Asylum Aid, a non-profit international organisation that has legally represented asylum seekers for generations, is considering an appeal following the High Court’s decision to rule the Home Office’s removal procedure for refugees as legal. The court found that decisions taken in relation to eight individuals were unlawful due to improper consideration by the Home Secretary.
The High Court’s decision
Following a judicial review claim, the judge ruled that the fast track procedure by which asylum seekers can travel to Rwanda within 12-19 days of receiving notice was fair. This decision was based on consideration of the time it would take for travelers to obtain legal advice, gather evidence and make adequate representations.
The judge also noted that the procedure for processing asylum seekers’ claims under the Migration and Economic Development Partnership (MEDP) does not make an unlawful presumption about the general safety of Rwanda.
The court evaluated separate claims about the lawfulness of the Rwanda policy, brought forward by a number of individuals affected. Among the arguments, the court heard about Rwanda’s poor human rights record. The UN High Commissioner for Refugees discussed serious concerns about Rwanda’s capacity to deal with asylum seekers. While the court found that individual decisions were wrong, the removal scheme itself was considered to be lawful.
Asylum Aid, represented by law firm Leigh Day, had argued in its claim that the procedure, which mirrors the curtailed process previously used for decisions under the Dublin III Agreement, did not allow enough time for proper legal advice and evidence to be obtained.
Asylum Aid argued that the decision to adopt a curtailed process was an error of law. The organisation added that the decision was a serious impediment to justice, failing to discharge the Home Secretary’s duty carefully consider each individual’s case. The grounds were dismissed in the judgment.
Responding to the judgment, Alison Pickup, Director of Asylum Aid, said:
“We will be looking closely at this judgment to see if there are any grounds for an appeal. Meanwhile, we urge the Home Secretary to re-think this inhumane policy and come up with one that can give us all faith in the asylum decision-making process. One that treats asylum applications with the seriousness they deserve and respects the human dignity of those seeking sanctuary here.”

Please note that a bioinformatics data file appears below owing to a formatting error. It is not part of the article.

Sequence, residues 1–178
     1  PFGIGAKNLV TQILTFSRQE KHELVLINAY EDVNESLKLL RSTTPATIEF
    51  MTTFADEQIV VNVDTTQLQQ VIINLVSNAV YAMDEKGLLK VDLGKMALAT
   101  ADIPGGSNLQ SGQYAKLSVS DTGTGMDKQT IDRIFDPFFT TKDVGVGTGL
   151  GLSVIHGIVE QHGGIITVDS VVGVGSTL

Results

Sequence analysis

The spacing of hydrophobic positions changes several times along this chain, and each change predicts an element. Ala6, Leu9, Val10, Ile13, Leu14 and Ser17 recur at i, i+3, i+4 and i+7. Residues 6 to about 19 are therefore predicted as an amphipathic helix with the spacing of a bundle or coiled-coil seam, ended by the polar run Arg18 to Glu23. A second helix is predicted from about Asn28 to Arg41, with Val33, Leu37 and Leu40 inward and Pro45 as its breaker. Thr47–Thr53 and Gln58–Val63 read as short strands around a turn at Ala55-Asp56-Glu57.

Leigh Day solicitor Carolin Ott said:
“Today’s ruling that the fast-track process to remove refugees to Rwanda is lawful is an immense disappointment to our client. Asylum Aid remains seriously concerned that the curtailed process that has been adopted to forcibly remove asylum seekers from the UK means they will be denied effective access to legal advice and the court. The fact that individual decisions have been deemed unlawful highlights the flaws in the procedure.
“Although decisions in individual cases have been deemed unlawful, that does not address the serious continuing risk that individuals will not be able to make their case due to the curtailed process.
“Asylum Aid believes that without being allowed enough time to seek legal representation and where appropriate, make their case to the court, many vulnerable individuals will be wrongly removed and sent to a country where a blanket assessment of safety remains questionable. Asylum Aid will be considering its legal options.”
Asylum Aid is represented by Leigh Day solicitors Tessa Gregory, Stephanie Hill and Carolin Ott. Counsel instructed are Charlotte Kilroy KC and Harry Adamson of Blackstone Chambers and Michelle Knorr and Sarah Dobbie of Doughty Street Chambers . Asylum Aid has been crowdfunding its case.